It is understandable that some employers may feel uncomfortable talking to you about your disability and associated needs as this is potentially very personal and sensitive information. By engaging in open dialogue with the employer, you can help them to have these essential conversations more easily. You can help them to better understand what you require and why. One way of approaching this is to explain the consequences of not receiving the support or adjustments that you require.
In some cases the adjustments you had during the recruitment process can be used as a basis for what you need in the work place. If not you will need to initiate a conversation about what you require.
As with the requesting support and adjustments for the recruitment process, it is a two way process involving both you and your new employer. Open and honest conversations are required to establish how you can best fulfil your role.
During the recruitment process it will usually be someone from the recruitment team who will liaise with you regarding your needs. Where as once an offer has been made it would be advisable to talk to your line manager.
Depending on what adjustments are required, other departments throughout the organisation may be involved, including IT, Facilities, Health and Safety, and HR. It may be sometimes be appropriate to involve occupational health professionals in your discussions.
You may require advice from others such as occupational health professionals or organisations who specialise in advising and assessing workplace adjustments. Be confident in asking for support to help you work out what you require.
There is external funding available from Access to Work (AtW); this is government funding covering the additional costs of employing disabled people.
However you must understand that it is difficult for an employer to provide what you need if you don?t tell them.
Rather than discussing your disability, focus on the impact your condition has on your ability to undertake the role.
The most effective way of informing a future employer about your disability or long-term health condition is to have a conversation with them. However this is not always possible and you will frequently be asked to provide
information about your situation on your application form.
The following are examples of the type of information you could provide to an employer when informing them of your disability or explaining a certain aspect of your application form.
Please note, that these are simply examples of what you might say and how you may say it. Please do not use these as templates; you need to personalise what you say to suit your own situation.
Managing various doctor appointments, meetings, and study groups helped develop my time management skills; my academic performance has not suffered since my illness due to this collaboration. This experience has revealed my strength and resilience when facing a significant challenge, and demonstrates my ability to adapt to any situation.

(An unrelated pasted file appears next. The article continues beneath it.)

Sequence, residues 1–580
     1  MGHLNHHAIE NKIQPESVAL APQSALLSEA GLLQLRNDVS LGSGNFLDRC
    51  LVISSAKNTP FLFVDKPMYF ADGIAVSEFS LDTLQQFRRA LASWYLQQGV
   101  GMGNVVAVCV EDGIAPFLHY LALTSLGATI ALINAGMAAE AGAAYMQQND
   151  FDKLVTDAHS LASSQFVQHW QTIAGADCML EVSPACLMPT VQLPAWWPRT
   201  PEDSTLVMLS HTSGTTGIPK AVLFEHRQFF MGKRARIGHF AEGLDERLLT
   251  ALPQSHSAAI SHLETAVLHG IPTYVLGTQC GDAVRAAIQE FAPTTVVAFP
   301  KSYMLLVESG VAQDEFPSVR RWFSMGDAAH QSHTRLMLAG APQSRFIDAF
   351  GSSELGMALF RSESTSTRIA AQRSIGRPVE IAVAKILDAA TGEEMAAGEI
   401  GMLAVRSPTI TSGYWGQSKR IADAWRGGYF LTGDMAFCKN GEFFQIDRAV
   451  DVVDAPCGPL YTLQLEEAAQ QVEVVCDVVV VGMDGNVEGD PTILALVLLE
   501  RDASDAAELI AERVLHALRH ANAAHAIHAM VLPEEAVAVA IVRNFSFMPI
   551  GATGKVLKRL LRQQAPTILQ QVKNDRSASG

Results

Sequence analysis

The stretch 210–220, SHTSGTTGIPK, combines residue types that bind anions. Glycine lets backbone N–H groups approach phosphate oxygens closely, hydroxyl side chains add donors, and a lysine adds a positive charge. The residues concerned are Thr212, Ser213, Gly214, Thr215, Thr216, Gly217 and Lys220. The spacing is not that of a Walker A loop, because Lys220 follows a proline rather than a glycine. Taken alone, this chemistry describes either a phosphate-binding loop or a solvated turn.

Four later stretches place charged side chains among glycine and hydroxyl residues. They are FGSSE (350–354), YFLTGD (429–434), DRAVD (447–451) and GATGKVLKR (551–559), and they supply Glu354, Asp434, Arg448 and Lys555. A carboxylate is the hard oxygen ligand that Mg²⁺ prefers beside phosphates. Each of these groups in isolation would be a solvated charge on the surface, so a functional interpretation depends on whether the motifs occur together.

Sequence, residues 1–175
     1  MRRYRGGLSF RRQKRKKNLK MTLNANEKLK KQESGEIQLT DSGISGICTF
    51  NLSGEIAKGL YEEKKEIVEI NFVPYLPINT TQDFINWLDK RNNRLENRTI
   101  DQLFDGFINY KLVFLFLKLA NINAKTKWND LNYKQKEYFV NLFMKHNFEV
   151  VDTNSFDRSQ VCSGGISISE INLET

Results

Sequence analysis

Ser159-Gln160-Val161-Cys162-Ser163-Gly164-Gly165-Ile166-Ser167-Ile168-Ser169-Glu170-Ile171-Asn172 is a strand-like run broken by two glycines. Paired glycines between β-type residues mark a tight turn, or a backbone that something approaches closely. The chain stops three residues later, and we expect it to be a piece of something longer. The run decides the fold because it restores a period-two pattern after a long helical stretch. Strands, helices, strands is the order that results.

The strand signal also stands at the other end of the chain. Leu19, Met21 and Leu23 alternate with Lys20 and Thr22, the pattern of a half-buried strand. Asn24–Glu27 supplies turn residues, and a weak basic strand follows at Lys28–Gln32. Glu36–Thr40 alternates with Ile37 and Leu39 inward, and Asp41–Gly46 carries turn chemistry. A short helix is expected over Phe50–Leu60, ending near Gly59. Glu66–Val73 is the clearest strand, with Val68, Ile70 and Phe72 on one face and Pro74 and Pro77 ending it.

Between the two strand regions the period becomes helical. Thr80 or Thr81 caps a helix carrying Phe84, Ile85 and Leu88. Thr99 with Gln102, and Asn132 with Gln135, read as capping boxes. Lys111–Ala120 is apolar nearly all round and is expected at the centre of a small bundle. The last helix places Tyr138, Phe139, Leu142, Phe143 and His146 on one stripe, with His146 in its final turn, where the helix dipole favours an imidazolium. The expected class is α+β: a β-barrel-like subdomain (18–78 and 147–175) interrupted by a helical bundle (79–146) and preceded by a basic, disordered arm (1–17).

Shortly after my first-year exams, my university?s Disability Services organised an assessment to determine whether I have dyslexia. The assessment confirmed that I did have dyslexia and I communicated with my university?s Disability Services to obtain adjustments that have significantly improved my ability to study and learn. My considerably improved second-year exam results show that I only required a few simple adjustments to succeed, and I anticipate further improvement in my final year. I trust that (FIRM NAME) will appreciate this when considering my application.
Before leaving university I was offered a place at Royal Military Academy, Sandhurst, to begin a short-term commission with the Yorkshire Regiment in January 2011.
However, in September 2010 I contracted a rare and aggressive form of bacterial meningitis which subsequently left me severely disabled. I was told that I would be paralysed from the neck down for the rest of my life. After a lengthy stay in hospital I was discharged in August 2011 and began an intensive period of rehabilitation.
Today, after much hard work, I have regained significant use of my upper body and continue to regain strength in my legs. It was this recovery that encouraged me to take a Masters to prepare myself for a return to work.
I wish to achieve the same goals from work as I did prior to falling ill and feel that I have much to offer (FIRM NAME) not only in an academic and intellectual capacity, but also through my interpersonal skills and strength of character.
During my second term at university I lost 50% of my vision in a very short period of time. Obviously this was a very stressful time for me, and I decided to take some time out whilst my condition continued to change and I adapted to my new situation before returning to my studies.
During the two years that I took out , as well as intense medical treatment, I also worked part-time in a small law firm. My confidence returned during this time and I felt ready to return to university to start a new course in 2011. Not only have I participated fully in university life, I have also achieved academically as my exam results show.
Managing my disability has specifically forced me to develop my communication and influencing skills as a result of having to work with service providers. I have also developed my ability to plan and organise as a result of coordinating my doctor?s appointments around my university schedule. In addition, by working with my university?s Disability Services, I have advanced my ability to work effectively in a team. These skills will transfer well to a career at (FIRM NAME), and demonstrate that I have much to offer.
For several years, I have suffered from anxiety and panic attacks when under severe stress. I experienced anxiety attacks during the exams for (MODULE) and (MODULE), resulting in a lower mark for these modules. Since I did not fail, I was ineligible to re-sit these exams. I trust that (FIRM NAME) will take this into consideration when reviewing my application.